‘Solidarity Poster’: The Wrong Shop x Ronan Bouroullec
Acclaimed French artist Ronan Bouroullec has created a new edition of his abstract ‘Solidarity Poster’, a poignant depiction of blue and gold in honour of the national colours of Ukraine. The new work is being sold in collaboration with the eclectic online platform The Wrong Shop for £45 and all of the profits from the poster’s sale will go directly to the DEC (Disasters Emergency Committee) in an effort to raise much needed funds for the Ukrainian Humanitarian Appeal.
Sea Me Print Sale
This Odessa-based linen brand was forced to pause all production of its bedding and sleepwear on 24 February 2022 – when Ukraine was first attacked by Russia – in order to keep its team members safe. Now the founders Eteri and Natalya have launched a series of five prints by local artist Katerina Filimonova, featuring idyllic snapshots of local beaches in Odessa as well as sun-soaked scene in Cap Ferret near Bordeaux. The artworks (which are each part of a signed limited edition of 25) will be shipped when the war is over, so that you can look forward receiving a “piece of Ukraine” through you letterbox.
Designed to Help
Members of the Movimento Club in Chelsea Harbour have come together to create a sale of limited-edition pieces – each of which have been either designed, produced or donated by the members themselves – in order to raise money for those in Ukraine. The initiative was spearheaded by German designer Lucas Faber, whose response to being asked how we could help those caught up in the war was, “What I can offer is my craft”. Works range from intricate ceramic vases and lamps to side tables and Terrazzo benches, with each designer personally selecting individual charities which they would like the proceeds to go towards.
New Blood Art Solidarity with Ukraine Charity Sale
New Blood Art, which specialises in works by carefully curated emerging artists, has launched an ‘Art for Ukraine’ charity sale to raise money for humanitarian efforts in the country. Spearheaded by British artist Ed Saye, all of the works featured in the sale have been donated directly by artists who want to support Ukraine, often due to personal connections to the country: some artists have relatives originally from Ukraine, while one German artist is currently sharing his home with seven Ukrainian refugees. The majority of the money raised will go to the Disaster Emergency Committee Ukraine appeal, while 10% will go to Glib Franko and his young family, a New Blood masters artist living in Ukraine.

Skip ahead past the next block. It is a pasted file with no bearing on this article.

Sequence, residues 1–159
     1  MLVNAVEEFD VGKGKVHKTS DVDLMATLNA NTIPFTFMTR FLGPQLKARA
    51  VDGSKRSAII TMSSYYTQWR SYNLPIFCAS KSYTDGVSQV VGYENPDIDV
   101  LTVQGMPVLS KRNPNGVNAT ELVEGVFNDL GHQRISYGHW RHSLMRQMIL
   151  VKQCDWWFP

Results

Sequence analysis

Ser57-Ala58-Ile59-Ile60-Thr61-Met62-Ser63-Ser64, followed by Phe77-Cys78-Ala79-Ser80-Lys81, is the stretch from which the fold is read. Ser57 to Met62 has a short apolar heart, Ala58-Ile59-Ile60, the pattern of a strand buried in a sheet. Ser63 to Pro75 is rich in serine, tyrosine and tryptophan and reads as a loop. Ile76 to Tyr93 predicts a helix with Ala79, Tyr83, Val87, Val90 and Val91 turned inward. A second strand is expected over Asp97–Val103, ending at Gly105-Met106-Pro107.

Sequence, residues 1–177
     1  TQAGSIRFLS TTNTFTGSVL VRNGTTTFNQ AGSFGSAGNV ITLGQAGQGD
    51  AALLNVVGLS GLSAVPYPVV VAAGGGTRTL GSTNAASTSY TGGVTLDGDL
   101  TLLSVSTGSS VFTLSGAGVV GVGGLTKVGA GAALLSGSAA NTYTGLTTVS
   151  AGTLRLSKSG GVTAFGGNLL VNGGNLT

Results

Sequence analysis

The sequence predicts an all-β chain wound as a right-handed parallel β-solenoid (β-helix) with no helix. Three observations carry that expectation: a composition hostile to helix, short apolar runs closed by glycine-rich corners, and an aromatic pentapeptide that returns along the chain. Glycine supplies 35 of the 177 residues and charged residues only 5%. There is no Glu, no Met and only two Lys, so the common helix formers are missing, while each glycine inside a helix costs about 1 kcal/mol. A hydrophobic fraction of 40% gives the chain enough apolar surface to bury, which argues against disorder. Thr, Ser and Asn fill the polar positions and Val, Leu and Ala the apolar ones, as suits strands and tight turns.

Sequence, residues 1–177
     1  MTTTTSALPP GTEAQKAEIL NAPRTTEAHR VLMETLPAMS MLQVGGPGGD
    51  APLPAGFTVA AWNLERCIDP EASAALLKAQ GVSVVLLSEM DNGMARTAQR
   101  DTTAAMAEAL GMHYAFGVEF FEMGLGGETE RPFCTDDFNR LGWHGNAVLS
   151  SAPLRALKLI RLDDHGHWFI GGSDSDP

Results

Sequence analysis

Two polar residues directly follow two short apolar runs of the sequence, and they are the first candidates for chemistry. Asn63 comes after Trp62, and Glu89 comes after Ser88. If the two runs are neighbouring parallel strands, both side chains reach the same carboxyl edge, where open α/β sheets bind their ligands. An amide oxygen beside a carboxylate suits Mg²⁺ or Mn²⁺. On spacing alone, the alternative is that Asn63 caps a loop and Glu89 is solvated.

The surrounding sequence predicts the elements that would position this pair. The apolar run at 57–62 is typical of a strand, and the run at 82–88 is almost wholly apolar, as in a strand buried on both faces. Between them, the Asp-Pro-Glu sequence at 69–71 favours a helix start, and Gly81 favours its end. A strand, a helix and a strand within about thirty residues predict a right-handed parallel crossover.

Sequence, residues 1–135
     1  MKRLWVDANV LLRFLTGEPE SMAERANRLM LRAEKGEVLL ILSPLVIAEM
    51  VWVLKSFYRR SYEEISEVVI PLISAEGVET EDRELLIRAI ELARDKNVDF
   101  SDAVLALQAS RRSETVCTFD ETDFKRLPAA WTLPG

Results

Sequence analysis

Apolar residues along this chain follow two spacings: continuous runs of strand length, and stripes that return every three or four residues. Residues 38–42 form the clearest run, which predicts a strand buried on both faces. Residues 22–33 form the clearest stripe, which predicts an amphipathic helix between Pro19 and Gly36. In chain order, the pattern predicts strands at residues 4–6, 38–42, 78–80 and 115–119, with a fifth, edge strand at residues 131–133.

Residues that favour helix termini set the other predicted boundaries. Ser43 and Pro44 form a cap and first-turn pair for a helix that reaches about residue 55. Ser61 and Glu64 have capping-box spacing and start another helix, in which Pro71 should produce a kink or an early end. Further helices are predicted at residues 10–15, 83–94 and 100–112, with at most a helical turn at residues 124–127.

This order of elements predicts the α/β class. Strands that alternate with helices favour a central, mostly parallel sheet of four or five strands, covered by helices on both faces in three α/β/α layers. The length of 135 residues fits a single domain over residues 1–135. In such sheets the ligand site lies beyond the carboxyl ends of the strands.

Creatives for Ukraine
This open platform launched a few days after the war broke out to provide a place for artists, designers, illustrators and photographers from all over the world to post their visual representations of the conflict – they now have hundreds of artworks being submitted each day. The idea behind it was to amass a body of digital art for Ukraine that would draw attention to the war, as well as express solidarity with the war-torn country. Some of the first to join the platform were renowned Lithuanian illustrators Karolis Strautniekas and Eglė Plytnikaitė, whose works have appeared in The New York Times. While all the images are available to download and distribute for free, they are asking people to donate to the NGO Blue/Yellow, which has been providing support in Ukraine since 2014.